1. Placed in the front of the classroom and close to teacher - this allows the teacher to reinforce the student with behavior problems for positive behaviors that the student is demonstrating
2. Away from other students with behavior problems - Having students with behavior problems sit together is like disruptive behavior ability grouping. Students with behavior problems often reward each other for disruptive behavior. Surround the student with behavior problems around students who demonstrate/model appropriate behavior.
The easiest and most effective proactive strategy for teachers to reinforce classroom rules is to MOVE AROUND THE CLASSROOM. Walking around the classroom permits the teacher to anticipate problems and to handle them before they get out of hand. It also allows a teacher to subtly reinforce students (i.e., simple touch on a student's shoulder, bending down and looking at the student's work, reinforcing a student by providing them with a positive comment ("Good job").
How Can Teachers Determine How Much Time is Spent Moving Around the Classroom:
- Keep track of the amount of time you actually spend behind your desk (one week interval).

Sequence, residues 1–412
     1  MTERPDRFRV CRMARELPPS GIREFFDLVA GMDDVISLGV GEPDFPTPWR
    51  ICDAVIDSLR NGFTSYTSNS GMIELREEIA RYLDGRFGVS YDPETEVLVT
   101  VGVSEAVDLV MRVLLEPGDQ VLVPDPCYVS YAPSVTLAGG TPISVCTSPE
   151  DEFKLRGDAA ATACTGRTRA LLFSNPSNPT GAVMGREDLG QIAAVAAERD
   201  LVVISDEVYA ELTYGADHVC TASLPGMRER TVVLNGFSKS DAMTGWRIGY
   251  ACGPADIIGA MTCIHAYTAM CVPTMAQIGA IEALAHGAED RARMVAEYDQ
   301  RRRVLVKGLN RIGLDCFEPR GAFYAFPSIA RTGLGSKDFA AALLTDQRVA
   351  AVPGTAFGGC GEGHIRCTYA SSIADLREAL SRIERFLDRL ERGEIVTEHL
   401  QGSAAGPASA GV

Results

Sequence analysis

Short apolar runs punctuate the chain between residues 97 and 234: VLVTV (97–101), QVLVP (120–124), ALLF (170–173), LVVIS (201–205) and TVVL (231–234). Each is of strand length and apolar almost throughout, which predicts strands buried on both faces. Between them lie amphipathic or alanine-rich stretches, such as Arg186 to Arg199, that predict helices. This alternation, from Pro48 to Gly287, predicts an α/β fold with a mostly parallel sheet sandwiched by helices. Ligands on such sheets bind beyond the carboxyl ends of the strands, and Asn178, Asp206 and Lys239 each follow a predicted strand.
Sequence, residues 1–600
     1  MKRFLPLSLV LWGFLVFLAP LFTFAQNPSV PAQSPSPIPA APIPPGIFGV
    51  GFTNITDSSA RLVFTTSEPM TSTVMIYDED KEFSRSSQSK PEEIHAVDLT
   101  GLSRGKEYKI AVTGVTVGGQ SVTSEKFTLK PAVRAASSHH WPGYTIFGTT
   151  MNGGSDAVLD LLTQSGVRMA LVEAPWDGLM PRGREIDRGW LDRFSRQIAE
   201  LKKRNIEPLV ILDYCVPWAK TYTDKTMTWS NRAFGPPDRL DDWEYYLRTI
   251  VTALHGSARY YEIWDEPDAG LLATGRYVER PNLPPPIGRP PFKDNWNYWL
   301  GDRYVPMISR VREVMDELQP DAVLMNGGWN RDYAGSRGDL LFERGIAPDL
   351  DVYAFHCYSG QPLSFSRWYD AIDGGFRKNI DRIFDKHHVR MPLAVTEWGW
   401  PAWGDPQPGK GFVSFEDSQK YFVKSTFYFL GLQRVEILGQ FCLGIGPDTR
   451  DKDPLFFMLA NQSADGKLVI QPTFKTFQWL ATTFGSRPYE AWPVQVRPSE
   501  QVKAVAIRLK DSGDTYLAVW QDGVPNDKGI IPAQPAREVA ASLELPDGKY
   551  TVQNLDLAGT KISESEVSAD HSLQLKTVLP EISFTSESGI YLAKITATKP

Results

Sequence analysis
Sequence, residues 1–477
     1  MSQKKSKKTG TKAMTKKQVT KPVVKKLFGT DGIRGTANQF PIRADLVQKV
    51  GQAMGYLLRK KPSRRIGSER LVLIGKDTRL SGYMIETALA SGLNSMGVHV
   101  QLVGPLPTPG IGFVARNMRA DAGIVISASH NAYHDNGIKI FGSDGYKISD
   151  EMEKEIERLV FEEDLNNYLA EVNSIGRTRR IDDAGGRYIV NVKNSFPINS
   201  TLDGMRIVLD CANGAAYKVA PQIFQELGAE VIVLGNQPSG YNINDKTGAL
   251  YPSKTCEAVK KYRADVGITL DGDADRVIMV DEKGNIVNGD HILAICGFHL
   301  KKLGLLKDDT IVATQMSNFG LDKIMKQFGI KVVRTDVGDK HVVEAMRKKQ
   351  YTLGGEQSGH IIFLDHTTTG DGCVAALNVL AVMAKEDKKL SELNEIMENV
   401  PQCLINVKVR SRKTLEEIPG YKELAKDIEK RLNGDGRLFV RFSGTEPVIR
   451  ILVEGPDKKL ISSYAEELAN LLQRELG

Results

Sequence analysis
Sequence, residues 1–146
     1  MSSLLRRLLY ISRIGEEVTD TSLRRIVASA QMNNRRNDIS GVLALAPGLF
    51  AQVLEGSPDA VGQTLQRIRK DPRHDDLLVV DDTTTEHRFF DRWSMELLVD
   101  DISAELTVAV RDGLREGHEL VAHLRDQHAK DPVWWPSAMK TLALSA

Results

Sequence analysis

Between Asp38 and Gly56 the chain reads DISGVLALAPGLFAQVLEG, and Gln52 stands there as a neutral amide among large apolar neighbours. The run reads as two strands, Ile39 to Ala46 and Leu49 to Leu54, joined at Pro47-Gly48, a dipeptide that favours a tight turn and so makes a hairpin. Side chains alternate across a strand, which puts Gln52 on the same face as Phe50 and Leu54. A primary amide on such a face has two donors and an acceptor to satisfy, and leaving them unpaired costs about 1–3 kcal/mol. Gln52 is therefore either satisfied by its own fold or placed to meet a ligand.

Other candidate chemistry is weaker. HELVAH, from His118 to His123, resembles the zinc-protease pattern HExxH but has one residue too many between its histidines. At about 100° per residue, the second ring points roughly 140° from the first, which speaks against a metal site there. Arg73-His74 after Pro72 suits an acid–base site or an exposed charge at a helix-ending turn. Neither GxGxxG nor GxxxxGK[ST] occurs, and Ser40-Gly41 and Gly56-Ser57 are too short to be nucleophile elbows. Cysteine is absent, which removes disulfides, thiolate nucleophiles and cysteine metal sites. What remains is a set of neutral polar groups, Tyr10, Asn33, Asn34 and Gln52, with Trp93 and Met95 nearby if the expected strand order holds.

- For the following week: attempt to cut this amount of time down by 1/2 and start wandering around the classroom making positive comments.
Unique Positive Procedures
Teachers must find unique and interesting ways to consistently provide motivation and recognition to their students for exhibiting the behaviors they desire to increase. If adequate motivation and recognition are not in place, no classroom management plan will ever be effective.
“If the behavior increases, reinforcement has occurred. If it does not, what was provided was not reinforcing enough.” Some examples include:
- Every time Jessica is out of her seat, Mrs. Harper tells her to sit down. Mrs. Harper cannot understand why it seems that Jessica is out of her seat more than ever.
- Mr. White sends Mike out in the hall to sit on a chair because of disruptive behavior in the classroom. Darrin talks to others students and adults who pass by him, in addition to helping himself to candy he finds in the pocket of another student’s coat. Mr. White finds that Mike is disruptive again soon after he is permitted to return to the classroom.
In both of these situations, students received attention from others as a result of their inappropriate behavior.